More than nothing, but not enough: UK funding to LGBTI communities in the Global South and East


David Sampson


This year has been one of celebration and commiseration for global LGBTI communities.  The Cook Islands and Mauritius have decriminalised same sex relations, there was an important court victory for civil society organizing in Kenya and uncounted moments of LGBTI people standing together in solidarity with one another.

For many, these points of light have been overshadowed by a rollback of rights in Uganda and across the region.  And these attacks continue with speed and brutality. LGBTI civil society around the world, but particularly outside the Global North, confronts these realities day to day.  And they do this with almost no resources.

Funding for LGBTI issues in the Global South and East has increased slowly since 2013 to an average of $92 million per year in 2019 and 2020.  For many local LGBTI organisations, even these limited resources will never reach them.  A global survey of LBQ organisations found that 40 percent of identified groups operated on incomes of less than $5,000.

New research released this week in advance of the UK’s first LGBTQI Giving Summit is a new initiative to track UK funding for LGBTI issues in the Global South and East.  It is not filled with good news.  Average annual funding from the UK was £13.4 million in 2019 and 2020 from funders of all kinds.  Government spending accounted for only 23 percent of this total, with 64 percent coming from trusts and foundations.

It may be heartening to see that trusts and foundations play an important role in UK funding for LGBTI issues in the Global South and East.  Unfortunately, the average annual commitment of £8.6 million was equivalent to only 26p in every £100 of UK trust and foundation spending.

Importantly, the report identifies a small group of public, private and corporate foundations who operate focused, long term funding programmes supporting international LGBTI rights.  They do this through a focus on HIV – the Elton John Aids Foundation and ViiV Healthcare; sexual and reproductive health and rights – Amplify Change; and human rights – the Sigrid Rausing Trust.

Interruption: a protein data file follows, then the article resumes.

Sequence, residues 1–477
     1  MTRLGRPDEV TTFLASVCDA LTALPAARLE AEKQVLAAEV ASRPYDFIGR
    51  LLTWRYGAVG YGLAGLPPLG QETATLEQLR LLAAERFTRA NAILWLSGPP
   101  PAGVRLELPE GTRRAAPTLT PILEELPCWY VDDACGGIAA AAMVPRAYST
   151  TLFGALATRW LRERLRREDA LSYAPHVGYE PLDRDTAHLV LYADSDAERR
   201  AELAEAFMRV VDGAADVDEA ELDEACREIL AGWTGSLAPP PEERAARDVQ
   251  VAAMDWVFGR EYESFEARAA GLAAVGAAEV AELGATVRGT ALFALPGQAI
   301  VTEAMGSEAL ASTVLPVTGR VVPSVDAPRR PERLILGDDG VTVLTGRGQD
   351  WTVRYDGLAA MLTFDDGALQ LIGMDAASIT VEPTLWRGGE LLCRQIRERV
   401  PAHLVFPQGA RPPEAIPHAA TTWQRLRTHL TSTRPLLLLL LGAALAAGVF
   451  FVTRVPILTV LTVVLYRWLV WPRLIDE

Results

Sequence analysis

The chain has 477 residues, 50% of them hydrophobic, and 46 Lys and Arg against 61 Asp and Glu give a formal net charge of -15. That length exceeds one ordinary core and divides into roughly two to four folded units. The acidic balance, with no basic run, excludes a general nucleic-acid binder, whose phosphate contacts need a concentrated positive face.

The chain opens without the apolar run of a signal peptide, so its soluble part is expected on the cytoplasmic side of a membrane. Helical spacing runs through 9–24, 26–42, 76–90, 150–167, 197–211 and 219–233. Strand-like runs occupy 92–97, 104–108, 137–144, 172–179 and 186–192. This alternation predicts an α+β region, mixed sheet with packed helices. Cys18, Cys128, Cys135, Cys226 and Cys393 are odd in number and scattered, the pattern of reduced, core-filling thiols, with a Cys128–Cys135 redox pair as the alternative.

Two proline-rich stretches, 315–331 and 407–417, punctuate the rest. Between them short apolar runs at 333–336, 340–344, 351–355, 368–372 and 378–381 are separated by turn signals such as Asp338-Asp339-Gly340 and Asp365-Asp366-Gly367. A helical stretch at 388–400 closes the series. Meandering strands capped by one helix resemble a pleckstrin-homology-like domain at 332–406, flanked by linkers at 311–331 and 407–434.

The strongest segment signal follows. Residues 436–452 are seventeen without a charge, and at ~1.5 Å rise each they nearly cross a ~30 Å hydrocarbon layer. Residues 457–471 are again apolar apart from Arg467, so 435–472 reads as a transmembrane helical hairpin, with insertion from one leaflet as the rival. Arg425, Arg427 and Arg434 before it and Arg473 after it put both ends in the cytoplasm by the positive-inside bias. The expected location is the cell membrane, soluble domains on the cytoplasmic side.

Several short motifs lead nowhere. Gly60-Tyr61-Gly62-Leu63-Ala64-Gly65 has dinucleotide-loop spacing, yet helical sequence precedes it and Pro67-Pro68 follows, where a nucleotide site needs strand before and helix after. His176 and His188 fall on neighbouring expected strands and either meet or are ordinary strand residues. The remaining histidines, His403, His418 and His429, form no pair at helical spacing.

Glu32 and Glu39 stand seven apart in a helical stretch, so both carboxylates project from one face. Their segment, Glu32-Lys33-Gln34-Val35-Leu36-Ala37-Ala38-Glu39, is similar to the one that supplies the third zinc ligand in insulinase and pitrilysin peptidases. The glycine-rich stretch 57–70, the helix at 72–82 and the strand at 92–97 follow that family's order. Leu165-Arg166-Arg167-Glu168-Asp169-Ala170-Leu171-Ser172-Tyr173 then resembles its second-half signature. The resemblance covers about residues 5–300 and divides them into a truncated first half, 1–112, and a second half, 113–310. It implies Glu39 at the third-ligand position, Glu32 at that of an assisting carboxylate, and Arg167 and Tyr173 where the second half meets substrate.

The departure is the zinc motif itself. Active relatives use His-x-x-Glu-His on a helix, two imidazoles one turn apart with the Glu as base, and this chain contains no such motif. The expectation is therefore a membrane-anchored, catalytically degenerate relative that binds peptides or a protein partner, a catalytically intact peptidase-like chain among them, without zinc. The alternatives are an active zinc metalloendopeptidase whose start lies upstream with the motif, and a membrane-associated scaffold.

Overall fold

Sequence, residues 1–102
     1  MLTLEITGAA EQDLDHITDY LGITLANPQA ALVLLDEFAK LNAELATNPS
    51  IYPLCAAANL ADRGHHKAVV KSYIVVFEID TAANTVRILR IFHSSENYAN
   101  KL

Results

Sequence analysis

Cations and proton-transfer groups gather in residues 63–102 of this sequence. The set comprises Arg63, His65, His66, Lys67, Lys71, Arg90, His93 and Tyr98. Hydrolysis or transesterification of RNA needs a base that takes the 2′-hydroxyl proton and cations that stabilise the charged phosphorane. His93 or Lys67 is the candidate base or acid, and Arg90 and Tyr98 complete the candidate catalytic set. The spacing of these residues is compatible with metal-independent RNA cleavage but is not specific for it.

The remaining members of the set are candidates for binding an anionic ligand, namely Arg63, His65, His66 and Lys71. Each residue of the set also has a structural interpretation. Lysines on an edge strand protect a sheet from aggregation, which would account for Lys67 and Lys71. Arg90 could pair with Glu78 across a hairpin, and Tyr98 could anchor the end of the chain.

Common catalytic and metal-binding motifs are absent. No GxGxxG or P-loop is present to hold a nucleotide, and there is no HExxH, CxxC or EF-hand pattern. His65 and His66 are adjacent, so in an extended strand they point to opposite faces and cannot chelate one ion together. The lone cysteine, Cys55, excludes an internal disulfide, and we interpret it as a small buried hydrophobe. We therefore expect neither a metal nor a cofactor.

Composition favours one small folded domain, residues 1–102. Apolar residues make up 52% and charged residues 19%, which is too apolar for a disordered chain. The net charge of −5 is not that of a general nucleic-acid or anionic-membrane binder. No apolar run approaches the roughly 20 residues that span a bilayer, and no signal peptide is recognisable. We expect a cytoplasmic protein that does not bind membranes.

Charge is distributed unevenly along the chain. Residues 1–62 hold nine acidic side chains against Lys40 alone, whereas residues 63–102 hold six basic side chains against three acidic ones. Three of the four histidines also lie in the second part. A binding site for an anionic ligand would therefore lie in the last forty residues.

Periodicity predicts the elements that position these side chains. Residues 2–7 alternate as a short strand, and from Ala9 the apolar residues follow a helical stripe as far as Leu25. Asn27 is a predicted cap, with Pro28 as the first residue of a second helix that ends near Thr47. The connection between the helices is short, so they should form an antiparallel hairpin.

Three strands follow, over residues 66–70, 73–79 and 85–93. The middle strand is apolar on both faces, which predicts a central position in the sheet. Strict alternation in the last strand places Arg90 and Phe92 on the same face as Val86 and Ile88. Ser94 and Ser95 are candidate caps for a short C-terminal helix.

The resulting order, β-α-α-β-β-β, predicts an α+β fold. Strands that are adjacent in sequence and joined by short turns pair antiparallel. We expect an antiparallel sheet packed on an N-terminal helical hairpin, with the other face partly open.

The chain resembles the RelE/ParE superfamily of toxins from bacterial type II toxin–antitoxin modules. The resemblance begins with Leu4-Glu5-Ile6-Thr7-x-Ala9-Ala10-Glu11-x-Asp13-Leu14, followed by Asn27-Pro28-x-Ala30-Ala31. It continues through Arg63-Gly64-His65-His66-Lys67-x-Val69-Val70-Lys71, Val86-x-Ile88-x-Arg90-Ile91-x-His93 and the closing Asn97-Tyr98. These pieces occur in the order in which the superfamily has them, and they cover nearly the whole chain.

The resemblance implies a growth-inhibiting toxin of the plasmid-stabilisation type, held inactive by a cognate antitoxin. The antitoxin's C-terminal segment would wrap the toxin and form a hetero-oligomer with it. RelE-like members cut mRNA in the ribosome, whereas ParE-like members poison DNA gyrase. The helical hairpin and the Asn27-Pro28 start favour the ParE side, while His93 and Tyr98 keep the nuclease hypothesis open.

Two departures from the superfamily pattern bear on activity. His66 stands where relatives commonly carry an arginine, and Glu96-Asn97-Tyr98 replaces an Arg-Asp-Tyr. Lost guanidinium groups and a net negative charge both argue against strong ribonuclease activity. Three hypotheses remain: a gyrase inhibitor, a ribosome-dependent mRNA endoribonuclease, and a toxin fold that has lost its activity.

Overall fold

This is a welcome community of practice in a field where,  the research suggests, many perceive barriers to giving.   This includes the perception that funding international LGBTI rights is too complex and potentially reputationally and operationally risky to support.  However, there are also valid questions on how these programmes can be operated through the lens of anti-racism and anti colonialism, particularly among UK funders whose histories are inextricably linked to our colonial past (you can read more on the Baring Foundation’s exploration of these issues here).

However, networks and philanthropic infrastructure are playing an important part in dismantling these barriers and providing the data and evidence to make the case for more and better giving.  The work of the Global Philanthropy Project is particularly important in this field and its Global Resources Report informs both this new research and similar initiatives around the world.

Like much philanthropy, intermediaries also have a critical role to play in bridging strategic, operational and ideological divides.  The Baring Foundation has been proud to support UHAI, Initiative Sankofa D’Afrique de l’Ouest and The Other Foundation for a sustained period – grantmakers led by and for local LGBTI communities in East, West and Southern Africa, guided by principles of participatory grantmaking and grantmaking at scale to LGBTI communities.  Community foundations like GiveOut in the UK are also building vital pathways between individual giving and these global movements.

As UK funders come together to reflect on these critical issues at the Summit on 22 November, I remain optimistic that the fundamentals are in place for giving to LGBTI issues in the Global South and East to grow rapidly from UK sources.  The reality is that the need for new funders and more resources is more urgent than ever.

David Sampson is the Deputy Director of the Baring Foundation.

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